AIB chief has his hands full as he seeks creative solutions to grim problems

Whatever about the figures AIB can trot out, it is all about its mortgage arrears

David Duffy, AIB chief executive, speaks at the AIB annual results press conference. Photograph: Eric Luke

David Duffy, AIB chief executive, speaks at the AIB annual results press conference. Photograph: Eric Luke

 

First we had Bank of Ireland, then Permanent TSB and yesterday AIB opened its accounts to public scrutiny. It was a similar tale to the other two. Yes, it was loss-making and yes, its net interest margin is too low.

It goes without saying that it has too many loan arrears on its books and its tracker mortgages are costing it money.

However, the pace of new arrears cases is slowing, losses have been trimmed and with a fair wind at its back, a return to profitability is within sight.

It is also giving out bucket- loads of cash to SMEs and the reliance on funding from the European Central Bank is easing.

Next on the agenda is mortgage arrears. AIB’s suave chief executive David Duffy offered some reassuring statistics about the “solutions” being offered to customers who are in arrears.

He plans to exceed the targets set down recently by the Central Bank for agreeing proposals with distressed borrowers by the year end.

Nonetheless, 9 per cent of residential mortgage holders are in arrears of more than 90 days and 17.7 per cent of buy-to-lets. About one-third of its near €90 billion loan book is classified as impaired.

It is grim stuff that will require some pretty creative solutions and a lot of time to resolve.

To be fair to Duffy, the cross- currents around the multitude of issues facing the bank at present must make it an almost impossible job at times.

At the same time as sorting out its problem loans, Duffy is trying to trim the workforce by 2,500, find a solution to its pension deficit and motivate those staff left behind who haven’t already been worn down by the past four years to put a smile on their face and sell products to those customers who have still have money to spend.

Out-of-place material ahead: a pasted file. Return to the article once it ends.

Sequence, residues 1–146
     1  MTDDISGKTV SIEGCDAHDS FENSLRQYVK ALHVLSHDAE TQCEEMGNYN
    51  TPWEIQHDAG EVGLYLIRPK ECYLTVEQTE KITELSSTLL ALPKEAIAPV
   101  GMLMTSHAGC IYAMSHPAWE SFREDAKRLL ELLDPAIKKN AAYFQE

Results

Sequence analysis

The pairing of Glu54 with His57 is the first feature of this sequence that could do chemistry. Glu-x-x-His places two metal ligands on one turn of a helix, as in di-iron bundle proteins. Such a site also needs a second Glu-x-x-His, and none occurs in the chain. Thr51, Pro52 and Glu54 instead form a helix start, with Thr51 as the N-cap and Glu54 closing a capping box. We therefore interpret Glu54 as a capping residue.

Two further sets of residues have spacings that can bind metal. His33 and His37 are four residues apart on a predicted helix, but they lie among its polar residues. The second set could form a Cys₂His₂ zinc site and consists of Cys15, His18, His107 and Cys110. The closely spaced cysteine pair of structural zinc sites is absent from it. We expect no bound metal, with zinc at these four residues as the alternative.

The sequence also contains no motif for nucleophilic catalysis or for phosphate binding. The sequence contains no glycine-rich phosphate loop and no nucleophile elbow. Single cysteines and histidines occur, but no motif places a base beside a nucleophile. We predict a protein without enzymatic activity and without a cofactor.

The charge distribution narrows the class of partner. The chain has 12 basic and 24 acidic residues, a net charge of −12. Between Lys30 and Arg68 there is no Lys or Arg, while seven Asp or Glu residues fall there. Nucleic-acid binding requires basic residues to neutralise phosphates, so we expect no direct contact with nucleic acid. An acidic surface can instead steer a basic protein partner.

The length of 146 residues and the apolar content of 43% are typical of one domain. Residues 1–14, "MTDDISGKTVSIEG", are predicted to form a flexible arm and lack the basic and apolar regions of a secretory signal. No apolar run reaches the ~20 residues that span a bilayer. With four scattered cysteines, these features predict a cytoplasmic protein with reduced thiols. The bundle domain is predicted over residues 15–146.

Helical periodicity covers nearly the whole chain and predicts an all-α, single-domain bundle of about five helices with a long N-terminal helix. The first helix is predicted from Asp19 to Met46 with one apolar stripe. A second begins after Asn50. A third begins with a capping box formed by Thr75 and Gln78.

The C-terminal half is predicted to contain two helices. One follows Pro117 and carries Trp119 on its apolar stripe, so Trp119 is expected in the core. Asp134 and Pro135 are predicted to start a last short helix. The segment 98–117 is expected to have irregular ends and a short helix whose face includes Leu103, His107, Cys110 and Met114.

He is also trying to get subsidiary lender EBS back into the game after a few years spent marking time.

In the background, he has to deal with the Government as his shareholder and the European Commission as his ultimate overlord, while also trying to persuade capital markets that the bank is well on the road to recovery.

There is then the cohort of politicians and interest groups pushing for mortgage debt forgiveness. Duffy was singing from the same hymn sheet as Richie Boucher at Bank of Ireland and Jeremy Masding at Permo on this issue yesterday.

There will be no blanket debt forgiveness or write-offs. Some customers might eventually get a writedown on their loans but it will only be after every avenue for repayment has been exhausted and, of course, it will be on a case-by-case basis.

At least AIB customers on split mortgages will not have to pay interest on the amount that is put into cold storage. Small comfort perhaps but a break from what the other State-involved banks are doing.

Duffy’s aim is to get back as much money as possible from borrowers so the bank can get back on its feet and possibly pay back some of the €20 billion loot it has received from the State. It will be a long road.

AIB took some time yesterday to remind us all of its size and scale in the Irish market. Based on operations in the republic, AIB sees itself as the biggest financial institution here.

For example, it wrote 46 per cent of all new mortgages issued last year. It has 40 per cent of personal current accounts, 38 per cent of credit cards and tags itself as the number one player in the Irish corporate market.

These are nice statistics to trot out but none of it will mean much if it can’t sort out its mortgage arrears.